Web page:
Changing OPALCO for the Orcas | Guest Column

Submitted by Sharon Grace, coordinator of the Southern Resident Killer Whale Chinook Salmon Initiative

The waters around the San Juan Islands are a summer home of the critically endangered Southern Resident Killer Whales.

OPALCO, the islands’ utility co-op, is owned by islanders. Islanders overwhelmingly support recovering the endangered orcas.

Recovering the orcas hinges on recovering chinook salmon populations. The Snake River historically supplied abundant salmon for the whales, as the salmon migrated south along both sides of Vancouver Island on their return trip to the Snake River.

Based on its historical production, the largest potential for increased chinook abundance in the Southern Residents’ range is the Snake-Columbia River Basin. The federally funded Fish Passage Center predicts up to a four-fold increase in spring/summer chinook salmon abundance if the lower Snake River dams are breached.

Decades of studies show that the four lower Snake River dams are driving extinction of the lower Snake River chinook salmon, which in turn is driving the Southern Resident orca population down. As NOAA itself stated in its 2008 Southern Resident Killer Whale Recovery Plan “[p]erhaps the single greatest change in food availability for resident killer whales since the late 1800s has been the decline of salmon in the Columbia River basin.” The Snake is the Columbia’s largest tributary and once produced about half of the entire basin’s Chinook.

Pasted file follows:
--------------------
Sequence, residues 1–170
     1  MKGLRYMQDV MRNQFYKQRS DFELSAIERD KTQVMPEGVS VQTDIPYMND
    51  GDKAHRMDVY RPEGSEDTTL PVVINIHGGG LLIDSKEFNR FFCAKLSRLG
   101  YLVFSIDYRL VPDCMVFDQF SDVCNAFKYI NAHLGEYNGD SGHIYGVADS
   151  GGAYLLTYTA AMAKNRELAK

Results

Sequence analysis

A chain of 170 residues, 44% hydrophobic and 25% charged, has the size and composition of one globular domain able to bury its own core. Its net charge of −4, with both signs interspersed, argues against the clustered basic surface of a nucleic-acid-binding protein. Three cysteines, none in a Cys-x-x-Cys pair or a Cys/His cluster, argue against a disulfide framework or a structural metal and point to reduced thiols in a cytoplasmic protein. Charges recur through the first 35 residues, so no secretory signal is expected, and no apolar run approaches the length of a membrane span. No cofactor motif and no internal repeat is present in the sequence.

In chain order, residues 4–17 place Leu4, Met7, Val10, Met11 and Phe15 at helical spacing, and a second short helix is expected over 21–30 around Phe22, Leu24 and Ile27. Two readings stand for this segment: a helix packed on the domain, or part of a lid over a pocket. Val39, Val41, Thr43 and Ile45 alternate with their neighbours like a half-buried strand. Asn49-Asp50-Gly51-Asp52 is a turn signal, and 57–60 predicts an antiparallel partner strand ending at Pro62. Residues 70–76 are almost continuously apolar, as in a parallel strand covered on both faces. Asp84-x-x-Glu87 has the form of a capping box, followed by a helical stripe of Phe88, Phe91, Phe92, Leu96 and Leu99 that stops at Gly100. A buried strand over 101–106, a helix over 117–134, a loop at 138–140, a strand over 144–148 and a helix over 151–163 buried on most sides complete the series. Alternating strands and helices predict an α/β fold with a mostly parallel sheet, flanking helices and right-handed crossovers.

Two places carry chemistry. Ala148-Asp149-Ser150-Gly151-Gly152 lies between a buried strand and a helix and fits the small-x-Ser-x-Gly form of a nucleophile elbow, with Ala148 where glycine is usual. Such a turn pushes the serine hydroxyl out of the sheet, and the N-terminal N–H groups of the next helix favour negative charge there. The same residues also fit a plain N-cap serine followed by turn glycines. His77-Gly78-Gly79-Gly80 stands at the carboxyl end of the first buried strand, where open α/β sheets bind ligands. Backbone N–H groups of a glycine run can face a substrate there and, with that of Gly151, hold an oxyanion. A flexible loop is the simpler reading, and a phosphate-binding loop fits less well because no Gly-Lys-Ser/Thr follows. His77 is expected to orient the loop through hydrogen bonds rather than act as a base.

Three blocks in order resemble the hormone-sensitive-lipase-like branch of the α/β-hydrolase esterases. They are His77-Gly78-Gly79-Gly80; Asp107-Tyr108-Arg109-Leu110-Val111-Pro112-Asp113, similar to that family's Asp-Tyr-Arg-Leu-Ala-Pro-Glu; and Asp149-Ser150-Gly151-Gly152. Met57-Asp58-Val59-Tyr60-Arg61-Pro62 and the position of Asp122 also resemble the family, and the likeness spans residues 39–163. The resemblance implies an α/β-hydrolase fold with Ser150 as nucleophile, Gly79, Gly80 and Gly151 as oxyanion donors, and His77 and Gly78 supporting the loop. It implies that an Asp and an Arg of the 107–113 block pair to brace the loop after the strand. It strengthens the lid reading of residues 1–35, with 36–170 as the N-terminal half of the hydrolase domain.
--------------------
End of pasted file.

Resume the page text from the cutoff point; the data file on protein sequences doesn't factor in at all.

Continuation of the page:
OPALCO attempts to give us the impression that it is neutral on the lower Snake River dam breaching. What OPALCO doesn’t tell us is that it uses our money to pay dues to PNGC and WRECA, influential trade groups that lobby to keep the dams in place.

OPALCO members—if we want to have wild salmon and Southern Resident orcas for future generations, it’s time to get active and change OPALCO. Take action now and tell OPALCO we want the four lower Snake River dams to be breached ASAP, we want OPALCO to support dam breaching, and we don’t want our money to be used to pay dues to organizations that lobby to retain the dams.

OPALCO contact info: phone 360-376-3500, email,, Twitter @OrcasPower, Instagram @orcaspower.

(For OPALCO’s position, see regional-power-and-the-dams/2022/03/.)